Blog posts, Cheese, Holiday Wines, Italian Food, wine, Wine and Food Pairing

Thirsty Thursday Chats Passover and Easter: Wines and Foods to Delight and Grace Your Holiday Table

As part of my monthly segment on 850 KOA with The Mandy Connell Show, we are once again turning our attention to holiday wines and the foods that love them. This time, we are taking a look at options for your Passover or Easter holiday scene. Since both holidays were severely limited in 2020 due to the virus, this year looks to be slightly better thanks to the efforts to get vaccines out there and better understanding of how this particular scum bag operates. I do hope that you will get to spend time with family and friends this year and would like to offer some options to make this holiday even more special.

I will kick this post off first by discussing some wines from Israel for my friends who are either looking for Kosher wine or who are interested in trying some more unusual wines. If you don’t know, Israel is hot and dry but the Israeli wine growers have truly mastered the art of terracing, irrigation, and root grafting to make some truly lovely and affordable wines. Heavily influenced by Bordeaux wine makers (specifically, Lafite-Rothschild), the wines coming out of the small Mediterranean country are worth a serious look. In the March 2021 segment of Thirsty Thursdays (this show airs on 4 March at 2pm Mountain or catch the podcast on iHeart), we will be tasting a lovely white wine from the Golan Heights Winery, produced in Galilee (making it also very appropriate for those observing Easter!) A blend of Viognier and Sauvignon Blanc, the Hermon White is a delightfully crisp and brightly acidic wine, perfect for your holiday celebrations (although I am not sure if this one is Kosher for Passover, it is certainly Kosher for all other events.) Coming in at around $10-14, you can pick up a few bottles without breaking your budget. This is a perfect wine to pair with chicken dishes or light salads or seafood.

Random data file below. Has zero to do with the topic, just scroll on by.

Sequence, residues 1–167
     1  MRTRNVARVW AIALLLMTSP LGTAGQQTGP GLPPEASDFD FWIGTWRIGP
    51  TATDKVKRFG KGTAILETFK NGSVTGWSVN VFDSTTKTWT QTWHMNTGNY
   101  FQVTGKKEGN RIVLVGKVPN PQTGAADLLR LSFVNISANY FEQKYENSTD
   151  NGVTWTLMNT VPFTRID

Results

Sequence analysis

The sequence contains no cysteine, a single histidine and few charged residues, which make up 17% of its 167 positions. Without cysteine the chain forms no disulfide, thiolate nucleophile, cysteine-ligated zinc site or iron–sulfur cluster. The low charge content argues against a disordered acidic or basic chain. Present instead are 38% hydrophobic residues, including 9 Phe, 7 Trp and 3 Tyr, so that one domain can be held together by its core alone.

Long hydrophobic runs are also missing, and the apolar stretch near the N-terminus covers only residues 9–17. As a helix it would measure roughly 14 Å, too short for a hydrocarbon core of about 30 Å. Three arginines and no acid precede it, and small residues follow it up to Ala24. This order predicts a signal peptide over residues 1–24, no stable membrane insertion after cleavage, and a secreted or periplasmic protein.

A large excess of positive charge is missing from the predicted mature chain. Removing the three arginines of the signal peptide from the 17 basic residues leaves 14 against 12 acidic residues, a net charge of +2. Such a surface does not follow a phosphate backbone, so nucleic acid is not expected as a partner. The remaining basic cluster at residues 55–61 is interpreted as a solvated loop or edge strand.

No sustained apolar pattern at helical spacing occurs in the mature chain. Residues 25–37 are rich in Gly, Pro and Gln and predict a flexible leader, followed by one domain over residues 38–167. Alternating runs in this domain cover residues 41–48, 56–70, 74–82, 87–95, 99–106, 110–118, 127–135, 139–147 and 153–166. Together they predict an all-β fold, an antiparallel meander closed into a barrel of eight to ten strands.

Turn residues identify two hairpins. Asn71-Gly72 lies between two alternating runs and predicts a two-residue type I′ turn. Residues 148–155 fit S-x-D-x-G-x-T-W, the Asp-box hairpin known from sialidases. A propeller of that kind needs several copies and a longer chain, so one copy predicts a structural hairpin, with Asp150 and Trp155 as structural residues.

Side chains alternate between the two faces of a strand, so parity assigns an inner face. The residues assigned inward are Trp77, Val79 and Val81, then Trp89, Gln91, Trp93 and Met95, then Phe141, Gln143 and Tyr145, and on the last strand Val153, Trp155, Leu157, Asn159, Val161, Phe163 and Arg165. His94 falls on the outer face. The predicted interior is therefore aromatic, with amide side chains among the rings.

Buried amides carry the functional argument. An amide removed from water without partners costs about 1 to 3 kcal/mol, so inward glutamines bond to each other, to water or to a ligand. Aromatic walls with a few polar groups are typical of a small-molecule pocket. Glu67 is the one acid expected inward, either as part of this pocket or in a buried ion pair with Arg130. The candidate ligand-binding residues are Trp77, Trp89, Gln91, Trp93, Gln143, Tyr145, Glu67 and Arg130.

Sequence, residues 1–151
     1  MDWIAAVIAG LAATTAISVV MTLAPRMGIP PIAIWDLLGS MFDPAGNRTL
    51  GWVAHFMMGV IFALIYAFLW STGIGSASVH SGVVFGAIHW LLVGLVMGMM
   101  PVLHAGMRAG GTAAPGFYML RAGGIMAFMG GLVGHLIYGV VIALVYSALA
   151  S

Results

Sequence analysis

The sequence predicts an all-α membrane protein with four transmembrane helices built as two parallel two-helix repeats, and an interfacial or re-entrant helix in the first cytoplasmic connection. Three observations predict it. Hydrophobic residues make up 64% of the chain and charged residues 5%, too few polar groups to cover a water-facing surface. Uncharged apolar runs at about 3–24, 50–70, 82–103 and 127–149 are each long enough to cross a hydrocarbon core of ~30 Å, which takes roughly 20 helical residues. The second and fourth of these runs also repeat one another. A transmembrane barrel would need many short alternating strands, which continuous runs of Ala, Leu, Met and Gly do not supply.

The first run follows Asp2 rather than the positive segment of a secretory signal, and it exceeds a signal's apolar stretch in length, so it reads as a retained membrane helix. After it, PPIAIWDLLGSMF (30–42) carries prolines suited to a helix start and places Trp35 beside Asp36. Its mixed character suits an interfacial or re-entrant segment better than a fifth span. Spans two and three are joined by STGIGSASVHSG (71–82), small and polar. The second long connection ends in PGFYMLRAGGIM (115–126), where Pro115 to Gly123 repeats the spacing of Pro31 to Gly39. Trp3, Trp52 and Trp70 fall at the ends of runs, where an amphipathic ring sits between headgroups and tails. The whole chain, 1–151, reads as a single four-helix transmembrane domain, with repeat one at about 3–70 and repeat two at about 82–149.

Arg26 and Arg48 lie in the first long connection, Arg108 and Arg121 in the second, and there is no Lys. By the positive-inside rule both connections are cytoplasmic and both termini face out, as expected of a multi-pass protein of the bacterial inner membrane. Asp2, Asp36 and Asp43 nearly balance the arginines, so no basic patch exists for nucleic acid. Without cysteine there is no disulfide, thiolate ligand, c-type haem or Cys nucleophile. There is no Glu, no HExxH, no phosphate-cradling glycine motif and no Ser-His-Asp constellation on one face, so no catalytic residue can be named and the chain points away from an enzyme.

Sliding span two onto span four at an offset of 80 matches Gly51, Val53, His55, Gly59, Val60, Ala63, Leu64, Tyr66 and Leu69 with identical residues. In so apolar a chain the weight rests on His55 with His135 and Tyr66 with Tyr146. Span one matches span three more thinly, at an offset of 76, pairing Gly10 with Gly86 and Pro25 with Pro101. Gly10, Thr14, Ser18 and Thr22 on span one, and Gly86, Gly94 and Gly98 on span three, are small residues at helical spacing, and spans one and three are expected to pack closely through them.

Our red wine, also from the Galilee, is a lovely and balanced Cabernet Sauvignon and is actually Kosher for Passover (thanks, Susan Witkin for the list!) The tannins on the Barkan Classic are balanced with medium acidity and dark, black fruit, making this wine a lovely wine to pair with lamb or heavier proteins. Salt will really bring out the best in this wine, so for Easter observers, this wine would rock your Easter ham as well. It is on the young side, so do be sure to open it up and allow it to breathe for 30 minutes or so. This wine also is very affordable and you can find it priced anywhere from $12 to $15.

I promised Mandy some unusual wines for our Passover and Easter discussions, so let’s take a look at some fun wines for your consideration. I have several white wines to offer, moderately priced in that $21 to $30 price range, so if you have white wine drinkers joining you for the Easter holiday (or spring, in general), here are some fun wines for you to try (and some are orange! Wait…what???? More to follow on that.)

In addition to our white blend from Galilee, we have a unique and bright wine from the eastern European country of Georgia…now, it is hard for me not to hum “The Devil Went Down to Georgia,” when tasting wines from Château Mukhrani (although I do wonder if El Diablo picked out the names of some of these wines for me to try and pronounce!) Our white wine is a common Georgian grape called Goruli Mtsvane. I am going to just call this one a “gor-oo-lee” because my southern born tongue is NOT going to tackle the second part of the name. This hearty grape is resistant to a common plague for wine growers, downy mildew (gardeners in Colorado should also be familiar) and holds up well against frost. It is also known as “green Gori,” (now, I can pronounce THAT!) You will note the floral components on the nose but it definitely has a citrus influence, hello lime-aid, on the pallet. A great wine for your first courses or even with a cheese course if you are going all out this year for your holiday table. It also has a honeyed finish and bright acidity, so pair this one up with Big Mama’s fried chicken, Nana’s sausage balls, or Auntie M’s cheese ball. Yum. Sorry…I am having flash backs to my childhood…give me a moment…